Life beyond the lab: three reasons to choose STEM

With science, technology, engineering and maths (STEM) skills in growing demand, today’s graduates are enjoying a growing choice of careers across a range of industries.

Recent analysis conducted by the Australian Government Department of Jobs and Small Business (now known as the Department of Employment, Skills, Small and Family Business) showed that STEM-related jobs were growing significantly faster than many other occupations.

Between 2014 and 2018, employment in STEM occupations increased by 16.5% – 1.6 times the growth of non-STEM jobs, and this will continue with an additional 10.8% growth expected by 2023. In comparison, non-STEM occupations are projected to grow by 6.1%.

A nationwide push by education providers, government and industry organisations have also created new opportunities for women to enter STEM careers, increasing the number of women in STEM roles by 2.4% in the five years leading up to 2018.

Women now account for 39.7% of the STEM workforce in Australia and while there is still room for improvement, programs including Superstars of STEM have supported continued growth in these fields.

Three RMIT academics were named as 2019 Superstars of STEM in recognition of their outstanding contributions – environmental scientist Dr Samatha Grover for her research into soils and climate change; biomedical engineer Associate Professor Kate Fox for her work on next generation implants using materials including diamonds; and Associate Dean of Mathematical Sciences Professor Asha Rao for her efforts on increasing privacy in the context of smart objects and the Internet of Things.

The Superstars of STEM prograin aims to address gender assumptions about scientists and increase the public visibility of women in science, technology, engineering and maths.

The brainchild of Science and Technology Australia, the Superstars of STEM program aims to “smash society’s gender assumptions about scientists and increase the public visibility of women in STEM.”

According to some of RMIT’s Superstars, there were three key attributes that had underpinned their careers:

1. Creativity

Fox said many people didn’t realise that scientists needed strong creative thinking skills and real imagination to find solutions and explore new theories.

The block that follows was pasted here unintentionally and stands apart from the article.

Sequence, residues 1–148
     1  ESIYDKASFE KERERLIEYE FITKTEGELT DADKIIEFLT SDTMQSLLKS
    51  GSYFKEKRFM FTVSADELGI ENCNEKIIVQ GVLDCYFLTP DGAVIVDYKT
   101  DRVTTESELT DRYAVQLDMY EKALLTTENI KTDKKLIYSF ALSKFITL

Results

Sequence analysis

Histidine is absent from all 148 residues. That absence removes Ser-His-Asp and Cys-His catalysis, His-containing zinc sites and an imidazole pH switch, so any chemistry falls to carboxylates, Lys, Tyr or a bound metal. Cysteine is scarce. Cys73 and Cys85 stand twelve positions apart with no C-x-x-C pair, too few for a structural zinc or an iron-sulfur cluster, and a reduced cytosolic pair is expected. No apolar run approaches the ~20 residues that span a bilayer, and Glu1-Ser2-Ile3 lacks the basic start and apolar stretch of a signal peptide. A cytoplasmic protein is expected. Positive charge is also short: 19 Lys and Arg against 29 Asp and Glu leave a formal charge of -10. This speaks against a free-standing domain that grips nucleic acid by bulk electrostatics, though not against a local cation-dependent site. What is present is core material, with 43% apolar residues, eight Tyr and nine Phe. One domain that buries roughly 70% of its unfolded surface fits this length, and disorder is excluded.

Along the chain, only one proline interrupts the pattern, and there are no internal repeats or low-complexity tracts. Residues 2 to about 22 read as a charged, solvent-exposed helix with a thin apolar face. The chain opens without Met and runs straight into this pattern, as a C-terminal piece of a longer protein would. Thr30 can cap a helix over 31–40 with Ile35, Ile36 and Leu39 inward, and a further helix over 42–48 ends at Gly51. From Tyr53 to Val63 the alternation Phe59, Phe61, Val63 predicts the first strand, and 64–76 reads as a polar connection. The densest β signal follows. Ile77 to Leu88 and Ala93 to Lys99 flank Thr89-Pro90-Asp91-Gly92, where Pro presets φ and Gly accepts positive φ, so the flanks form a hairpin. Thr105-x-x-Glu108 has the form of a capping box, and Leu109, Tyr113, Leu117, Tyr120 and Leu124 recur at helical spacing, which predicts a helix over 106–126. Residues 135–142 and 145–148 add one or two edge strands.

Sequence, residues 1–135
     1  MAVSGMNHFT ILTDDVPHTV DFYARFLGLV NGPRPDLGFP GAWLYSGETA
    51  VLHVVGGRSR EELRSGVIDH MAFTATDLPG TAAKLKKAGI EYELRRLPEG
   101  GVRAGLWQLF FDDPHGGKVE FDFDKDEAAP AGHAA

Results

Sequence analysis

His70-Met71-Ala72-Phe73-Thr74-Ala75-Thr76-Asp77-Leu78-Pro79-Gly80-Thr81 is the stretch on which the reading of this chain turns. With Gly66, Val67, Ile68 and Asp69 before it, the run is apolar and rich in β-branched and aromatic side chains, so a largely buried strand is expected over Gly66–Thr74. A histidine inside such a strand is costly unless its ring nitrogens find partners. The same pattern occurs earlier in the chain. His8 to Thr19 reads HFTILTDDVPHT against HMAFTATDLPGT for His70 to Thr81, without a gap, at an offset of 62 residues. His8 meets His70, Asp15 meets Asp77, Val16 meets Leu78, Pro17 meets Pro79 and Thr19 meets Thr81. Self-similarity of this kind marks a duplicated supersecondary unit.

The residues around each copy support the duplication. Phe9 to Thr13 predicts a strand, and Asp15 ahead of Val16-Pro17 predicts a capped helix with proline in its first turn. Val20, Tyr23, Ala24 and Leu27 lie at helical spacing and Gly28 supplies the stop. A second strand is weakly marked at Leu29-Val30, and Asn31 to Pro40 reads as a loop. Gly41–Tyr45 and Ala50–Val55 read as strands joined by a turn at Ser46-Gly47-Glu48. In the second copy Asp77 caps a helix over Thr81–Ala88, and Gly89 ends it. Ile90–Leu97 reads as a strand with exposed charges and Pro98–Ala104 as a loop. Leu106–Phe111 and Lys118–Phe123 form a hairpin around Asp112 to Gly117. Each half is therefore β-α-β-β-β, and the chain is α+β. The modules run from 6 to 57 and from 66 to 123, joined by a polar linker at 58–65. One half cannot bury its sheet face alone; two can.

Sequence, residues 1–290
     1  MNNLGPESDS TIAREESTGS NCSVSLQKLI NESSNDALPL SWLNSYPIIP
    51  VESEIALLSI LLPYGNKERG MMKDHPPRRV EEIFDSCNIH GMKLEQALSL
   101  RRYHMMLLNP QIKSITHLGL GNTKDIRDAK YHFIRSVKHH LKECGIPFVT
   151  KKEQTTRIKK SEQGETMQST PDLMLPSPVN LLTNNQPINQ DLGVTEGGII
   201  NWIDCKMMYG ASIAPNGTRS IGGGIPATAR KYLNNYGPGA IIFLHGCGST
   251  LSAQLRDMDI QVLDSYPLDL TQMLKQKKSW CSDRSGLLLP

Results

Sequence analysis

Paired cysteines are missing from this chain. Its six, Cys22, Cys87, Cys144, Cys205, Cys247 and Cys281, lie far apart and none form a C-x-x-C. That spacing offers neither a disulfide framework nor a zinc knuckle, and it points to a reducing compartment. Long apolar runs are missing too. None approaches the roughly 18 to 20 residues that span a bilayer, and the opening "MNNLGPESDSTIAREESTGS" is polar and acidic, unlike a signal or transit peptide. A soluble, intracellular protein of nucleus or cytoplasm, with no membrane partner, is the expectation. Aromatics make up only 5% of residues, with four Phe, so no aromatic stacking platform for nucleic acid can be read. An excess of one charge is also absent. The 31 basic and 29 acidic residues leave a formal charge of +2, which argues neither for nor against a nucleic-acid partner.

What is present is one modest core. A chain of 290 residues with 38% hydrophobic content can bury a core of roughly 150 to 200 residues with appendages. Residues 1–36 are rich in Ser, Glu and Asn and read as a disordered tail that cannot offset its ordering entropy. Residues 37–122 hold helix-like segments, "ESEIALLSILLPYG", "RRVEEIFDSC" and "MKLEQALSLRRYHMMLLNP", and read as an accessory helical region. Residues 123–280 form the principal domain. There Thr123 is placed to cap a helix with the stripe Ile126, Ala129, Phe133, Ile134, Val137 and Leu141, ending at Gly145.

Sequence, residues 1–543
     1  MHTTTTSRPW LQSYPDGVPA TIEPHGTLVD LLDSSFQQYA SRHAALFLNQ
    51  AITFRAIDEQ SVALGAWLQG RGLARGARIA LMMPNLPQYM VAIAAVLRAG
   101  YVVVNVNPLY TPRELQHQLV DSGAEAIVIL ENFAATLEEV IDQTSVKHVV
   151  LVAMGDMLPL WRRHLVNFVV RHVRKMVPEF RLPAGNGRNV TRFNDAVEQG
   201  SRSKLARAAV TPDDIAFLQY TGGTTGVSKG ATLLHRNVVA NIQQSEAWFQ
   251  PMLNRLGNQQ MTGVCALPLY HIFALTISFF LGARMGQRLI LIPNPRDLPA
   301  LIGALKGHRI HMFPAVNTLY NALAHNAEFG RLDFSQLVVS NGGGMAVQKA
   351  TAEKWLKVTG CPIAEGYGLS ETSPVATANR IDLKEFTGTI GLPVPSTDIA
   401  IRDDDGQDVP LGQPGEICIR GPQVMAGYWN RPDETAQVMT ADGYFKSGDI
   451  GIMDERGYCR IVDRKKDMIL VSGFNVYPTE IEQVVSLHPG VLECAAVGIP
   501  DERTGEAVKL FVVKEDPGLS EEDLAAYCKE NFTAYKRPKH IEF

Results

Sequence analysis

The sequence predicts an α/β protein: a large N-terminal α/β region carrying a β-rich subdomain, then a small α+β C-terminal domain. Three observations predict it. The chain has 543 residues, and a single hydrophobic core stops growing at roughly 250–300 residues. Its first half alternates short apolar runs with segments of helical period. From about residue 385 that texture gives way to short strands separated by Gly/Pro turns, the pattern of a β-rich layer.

“You’re always searching for a new or different solution – something that helps you to solve a complex problem, and this requires a significant amount of creativity,” she said.

“STEM requires a lot of ‘outside of the box’ thinking, flexibility and a skill to move quickly on your feet.”

2. Curiosity

Grover said investigating and answering questions of ‘why’ and ‘how’ was perhaps the most enjoyable part of a STEM occupation, with curiosity considered to be the driving force behind most STEM professionals.

“You get to explore the world and ask questions to better understand how the world works,” she said.

“While you’re exploring, you are also contributing to solutions and solving problems.”

Fox said people employed in STEM roles were striving for understanding and wanted to uncover clues that revealed new insights.

“Understanding the world around us is at the core of what we do, which is why our jobs are so exciting and interesting.”

3. Innovation

While success in most careers and industries involved overcoming challenges, making advances and disrupting the status quo, Fox said STEM was unique because it was “a perfect pathway to truly change the world”.

“Changing the world isn’t possible unless you innovate, but the power of STEM is that you don’t have to be making monumental changes and breakthroughs, they can be incremental and still have a real impact on the world around you,” she said.

While 25% of STEM university graduates currently work in health, scientific and technical services, employment opportunities had been consistently growing across manufacturing, public administration, safety, education and finance sectors.

Grover said the diversity of a career in STEM could lead to experiences that people had never imagined.

“STEM can literally take you anywhere,” she said.

“I had no idea when I was studying chemistry at university that it would take me to Indonesia where I would be going deep into tropical peat swamp forests.”

And in today’s burgeoning world of big data, a Master of Data Science could deliver a range of future opportunities, with organisations around the globe looking to harness knowledge and expertise in this space.

While Diploma of Nursing graduates could land roles in acute, preventative, curative or rehabilitative nursing, according to Fox, a Bachelor of Biomedical Science could give students the opportunity to study a range of subjects from pathology to human anatomy, with graduates entering occupations including genetic engineering, cancer research, neuroscience, DNA profiling or stem cell research.

26 June 2019

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26 June 2019

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  • Research
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